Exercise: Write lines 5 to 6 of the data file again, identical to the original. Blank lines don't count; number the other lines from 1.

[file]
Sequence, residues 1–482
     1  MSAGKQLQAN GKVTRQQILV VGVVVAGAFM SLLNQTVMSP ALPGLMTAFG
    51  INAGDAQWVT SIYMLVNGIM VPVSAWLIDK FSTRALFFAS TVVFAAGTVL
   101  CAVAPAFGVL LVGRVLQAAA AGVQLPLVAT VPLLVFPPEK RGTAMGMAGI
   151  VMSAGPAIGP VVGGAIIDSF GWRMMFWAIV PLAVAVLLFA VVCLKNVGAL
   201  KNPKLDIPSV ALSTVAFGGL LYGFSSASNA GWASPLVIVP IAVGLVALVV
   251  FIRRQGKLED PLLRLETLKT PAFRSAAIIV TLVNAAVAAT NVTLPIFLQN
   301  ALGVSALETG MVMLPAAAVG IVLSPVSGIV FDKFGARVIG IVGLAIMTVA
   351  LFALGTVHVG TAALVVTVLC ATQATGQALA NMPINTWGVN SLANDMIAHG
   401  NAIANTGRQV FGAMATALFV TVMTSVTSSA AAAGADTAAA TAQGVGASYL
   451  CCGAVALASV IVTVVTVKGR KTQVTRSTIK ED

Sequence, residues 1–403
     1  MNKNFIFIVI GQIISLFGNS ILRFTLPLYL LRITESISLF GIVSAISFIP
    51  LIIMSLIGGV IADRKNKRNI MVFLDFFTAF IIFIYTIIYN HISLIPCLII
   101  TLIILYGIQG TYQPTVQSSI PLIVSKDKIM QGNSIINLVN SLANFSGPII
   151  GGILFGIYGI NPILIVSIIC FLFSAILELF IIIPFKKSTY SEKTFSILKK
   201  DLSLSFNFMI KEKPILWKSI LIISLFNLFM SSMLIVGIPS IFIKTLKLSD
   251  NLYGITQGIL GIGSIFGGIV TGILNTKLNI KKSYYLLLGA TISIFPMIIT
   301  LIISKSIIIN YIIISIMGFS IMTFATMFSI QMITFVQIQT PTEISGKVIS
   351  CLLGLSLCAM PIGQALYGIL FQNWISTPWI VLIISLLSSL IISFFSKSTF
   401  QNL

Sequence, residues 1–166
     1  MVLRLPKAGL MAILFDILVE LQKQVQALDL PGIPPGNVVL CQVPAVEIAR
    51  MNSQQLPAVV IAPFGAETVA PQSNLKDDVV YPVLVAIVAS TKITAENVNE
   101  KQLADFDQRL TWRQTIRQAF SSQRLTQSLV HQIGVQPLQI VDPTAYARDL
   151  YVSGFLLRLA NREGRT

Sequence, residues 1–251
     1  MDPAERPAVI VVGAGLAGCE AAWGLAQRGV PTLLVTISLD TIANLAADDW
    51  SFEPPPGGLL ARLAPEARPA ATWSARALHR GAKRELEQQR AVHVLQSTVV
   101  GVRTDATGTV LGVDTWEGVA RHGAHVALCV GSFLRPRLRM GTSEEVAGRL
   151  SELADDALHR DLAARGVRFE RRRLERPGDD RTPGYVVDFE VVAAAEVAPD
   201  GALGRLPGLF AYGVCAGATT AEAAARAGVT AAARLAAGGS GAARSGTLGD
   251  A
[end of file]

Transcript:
   151  VMSAGPAIGP VVGGAIIDSF GWRMMFWAIV PLAVAVLLFA VVCLKNVGAL
   201  KNPKLDIPSV ALSTVAFGGL LYGFSSASNA GWASPLVIVP IAVGLVALVV